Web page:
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Want some new  ideas for Spring 2017?

Can ‘The Power of Labyrinths’ help?

The ‘Power of Labyrinths’ came out in December. Talking to people, book in hand, I have found out that a lot of folk don’t know what a labyrinth is (although they are familiar with the name). So this is your one stop, one minute pitch on why you need a labyrinth in your life (and a copy of my book).

What is a Labyrinth? It’s a path – only circular – and it twists and turns and goes back on itself.

Isn’t that a Maze? No. A maze gets you lost. Follow the labyrinth path and you always get to the goal. That’s the therapy. It’s a ‘right-brain’ experience.

Where are they? All over – schools, churches, colleges, hospices, parks. Try the ‘labyrinth locator’ on the Labyrinthos website.

Why should I be interested? They are fun to make and fun to use. They are great for physical and mental well-being. They help develop socialisation skills. Small children will run them until they fall over.

I have no money and no time… Labyrinths can be any size and made with almost any material (old tyres, harvest festival offerings, grass cuttings, sticks, barrier tape, rope, stones, bricks, sand, flour etc…) . A small 3 circuit labyrinth can be knocked up in pebbles by a posse of 7-year-olds in 20 minutes.

I still don’t see why… Kids (and adults) love the challenge of making them.  It becomes a special space for the time that it’s there. Small children don’t need to be told what to do in a labyrinth. They just get it. What’s more, you have a new skill to impress folk when you make a 7 circuit classical labyrinth on the beach or a penny donation labyrinth for your school fete.

What about Kate Mosse, Dan Brown and all that mystical stuff?  ‘Labyrinth’ also refers to something that traps and confuses – but it’s a different use of the word. My book explains all.

What’s in your book – ‘The Power of Labyrinths’? Everything you need to know about making labyrinths. There are 100 activities set out in detail with lots of diagrams and photos. How about 10 short plays for performance in a labyrinth? How about games, well-being activities, creative activities and much more. There are lots of books on labyrinths out there – there are very, very few that are practical manuals for school use. Get a copy while you can.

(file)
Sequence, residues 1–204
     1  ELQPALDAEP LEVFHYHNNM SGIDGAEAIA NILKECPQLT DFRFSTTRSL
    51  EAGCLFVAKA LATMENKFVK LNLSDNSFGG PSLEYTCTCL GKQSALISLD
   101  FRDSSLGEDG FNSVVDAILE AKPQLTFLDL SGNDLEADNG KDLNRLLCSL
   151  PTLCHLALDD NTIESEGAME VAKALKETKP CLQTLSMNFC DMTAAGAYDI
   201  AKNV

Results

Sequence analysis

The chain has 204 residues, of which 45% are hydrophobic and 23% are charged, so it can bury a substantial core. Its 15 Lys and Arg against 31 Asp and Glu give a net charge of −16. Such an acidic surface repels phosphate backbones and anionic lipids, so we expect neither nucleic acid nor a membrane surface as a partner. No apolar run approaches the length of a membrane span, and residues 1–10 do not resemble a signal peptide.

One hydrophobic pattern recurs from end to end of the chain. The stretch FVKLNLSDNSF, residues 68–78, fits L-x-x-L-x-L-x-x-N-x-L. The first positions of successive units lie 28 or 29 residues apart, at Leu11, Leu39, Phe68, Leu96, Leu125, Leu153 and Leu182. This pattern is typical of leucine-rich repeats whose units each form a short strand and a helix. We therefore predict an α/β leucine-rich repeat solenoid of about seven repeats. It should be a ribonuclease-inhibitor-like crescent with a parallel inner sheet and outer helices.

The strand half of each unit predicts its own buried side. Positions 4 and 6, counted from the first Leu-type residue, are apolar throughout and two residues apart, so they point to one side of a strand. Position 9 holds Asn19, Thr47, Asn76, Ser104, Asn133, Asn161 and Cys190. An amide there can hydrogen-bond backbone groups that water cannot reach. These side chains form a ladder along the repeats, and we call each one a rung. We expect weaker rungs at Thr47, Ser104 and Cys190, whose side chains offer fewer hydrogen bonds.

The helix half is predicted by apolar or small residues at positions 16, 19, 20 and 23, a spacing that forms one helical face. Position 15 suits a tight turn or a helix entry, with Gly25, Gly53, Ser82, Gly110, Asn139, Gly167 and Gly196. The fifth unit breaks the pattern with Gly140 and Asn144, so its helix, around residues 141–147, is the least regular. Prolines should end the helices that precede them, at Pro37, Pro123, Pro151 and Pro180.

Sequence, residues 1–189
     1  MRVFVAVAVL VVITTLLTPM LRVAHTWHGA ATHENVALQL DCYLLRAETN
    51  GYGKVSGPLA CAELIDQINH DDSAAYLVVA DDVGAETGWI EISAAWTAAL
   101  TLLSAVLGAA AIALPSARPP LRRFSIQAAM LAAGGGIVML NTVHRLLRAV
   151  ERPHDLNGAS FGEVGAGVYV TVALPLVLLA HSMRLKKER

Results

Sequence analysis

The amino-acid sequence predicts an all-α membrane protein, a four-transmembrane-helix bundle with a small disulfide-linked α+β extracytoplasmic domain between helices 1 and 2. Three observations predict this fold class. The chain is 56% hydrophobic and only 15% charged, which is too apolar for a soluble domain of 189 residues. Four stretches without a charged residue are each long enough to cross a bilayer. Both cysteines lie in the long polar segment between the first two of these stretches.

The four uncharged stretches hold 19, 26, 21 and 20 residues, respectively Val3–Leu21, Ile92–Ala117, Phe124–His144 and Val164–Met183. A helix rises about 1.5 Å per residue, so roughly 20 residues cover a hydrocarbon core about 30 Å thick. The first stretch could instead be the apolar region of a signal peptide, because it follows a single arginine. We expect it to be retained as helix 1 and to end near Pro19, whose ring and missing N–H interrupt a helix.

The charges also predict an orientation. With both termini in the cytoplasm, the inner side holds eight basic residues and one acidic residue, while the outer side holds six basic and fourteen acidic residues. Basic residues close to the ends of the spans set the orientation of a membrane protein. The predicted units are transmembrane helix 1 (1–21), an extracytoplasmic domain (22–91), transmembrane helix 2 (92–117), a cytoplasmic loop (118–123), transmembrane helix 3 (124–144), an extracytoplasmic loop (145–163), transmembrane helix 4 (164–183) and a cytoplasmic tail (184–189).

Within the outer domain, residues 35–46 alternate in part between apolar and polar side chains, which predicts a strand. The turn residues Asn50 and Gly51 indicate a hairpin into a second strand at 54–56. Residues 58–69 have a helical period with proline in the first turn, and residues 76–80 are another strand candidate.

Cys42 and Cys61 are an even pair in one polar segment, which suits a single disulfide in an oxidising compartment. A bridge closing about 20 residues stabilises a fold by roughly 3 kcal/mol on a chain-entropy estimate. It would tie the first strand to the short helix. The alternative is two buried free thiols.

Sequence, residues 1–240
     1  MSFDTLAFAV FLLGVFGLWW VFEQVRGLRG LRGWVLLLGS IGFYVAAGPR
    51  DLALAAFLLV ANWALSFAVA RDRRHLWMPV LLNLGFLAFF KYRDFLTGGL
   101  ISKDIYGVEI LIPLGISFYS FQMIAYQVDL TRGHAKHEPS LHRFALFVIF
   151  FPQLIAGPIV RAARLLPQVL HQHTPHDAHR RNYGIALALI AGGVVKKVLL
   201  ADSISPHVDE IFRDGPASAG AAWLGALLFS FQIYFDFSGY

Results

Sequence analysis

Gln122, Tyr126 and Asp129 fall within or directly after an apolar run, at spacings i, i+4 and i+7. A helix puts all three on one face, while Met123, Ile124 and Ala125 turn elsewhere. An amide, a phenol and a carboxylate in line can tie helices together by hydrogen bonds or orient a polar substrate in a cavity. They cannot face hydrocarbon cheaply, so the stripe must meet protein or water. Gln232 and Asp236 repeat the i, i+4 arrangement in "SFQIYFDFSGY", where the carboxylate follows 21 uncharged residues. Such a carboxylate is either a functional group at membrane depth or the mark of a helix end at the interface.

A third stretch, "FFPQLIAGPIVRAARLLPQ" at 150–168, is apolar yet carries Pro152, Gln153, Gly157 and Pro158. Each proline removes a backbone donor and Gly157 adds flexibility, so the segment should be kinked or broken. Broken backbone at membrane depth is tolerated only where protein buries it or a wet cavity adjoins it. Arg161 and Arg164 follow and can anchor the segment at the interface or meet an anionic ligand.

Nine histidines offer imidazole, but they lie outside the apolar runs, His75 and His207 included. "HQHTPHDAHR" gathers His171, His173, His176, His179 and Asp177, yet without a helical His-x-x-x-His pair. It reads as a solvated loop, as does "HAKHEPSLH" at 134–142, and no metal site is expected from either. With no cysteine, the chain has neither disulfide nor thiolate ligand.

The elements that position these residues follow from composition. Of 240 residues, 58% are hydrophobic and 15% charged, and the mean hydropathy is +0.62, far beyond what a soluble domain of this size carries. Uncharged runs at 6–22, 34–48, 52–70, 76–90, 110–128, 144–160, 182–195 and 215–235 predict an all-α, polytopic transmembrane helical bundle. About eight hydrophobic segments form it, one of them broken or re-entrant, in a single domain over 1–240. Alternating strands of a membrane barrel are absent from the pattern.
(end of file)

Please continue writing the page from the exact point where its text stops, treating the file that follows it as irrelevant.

Some new freebies…. 

I recently got asked by someone starting up in Forest School about the kind of things I do with Reception and Year 1. So I have posted a term’s worth of activities on the blog page. In a school setting, an hour is often all I get with a group and these activities are designed for between one and two hours. In a wood, when there’s time for the kids to do their own thing, I still like to incorporate a structured activity to grow their practical skills.

I hope they are of use and watch out for the Year 2 offering coming next term.





Training Day outcomes – October 6th & 21st 2016 – Forest School & Labyrinths

October was a busy month for snla, involving training events with primary head teachers  and teachers looking for the magic bullet that will facilitate relevant, affordable and deliverable outdoor learning.

It has been insightful. After half-term I called in at a school where the headteacher had attended the labyrinth training and gone back to confront the question of of how to make it happen with tight budgets, hard-pressed staff and challenging school grounds. I also met with an NQT working at the school who is engaged in her Forest School training – who was having to back-peddle on her Forest School training because of the pressures of work. How, says the headteacher, can I make quality outdoor learning available to all my children with the limited resources available to me? I want to see how it can work in practice. See my autumn 2016 blog making Outdoor Learning work in your setting.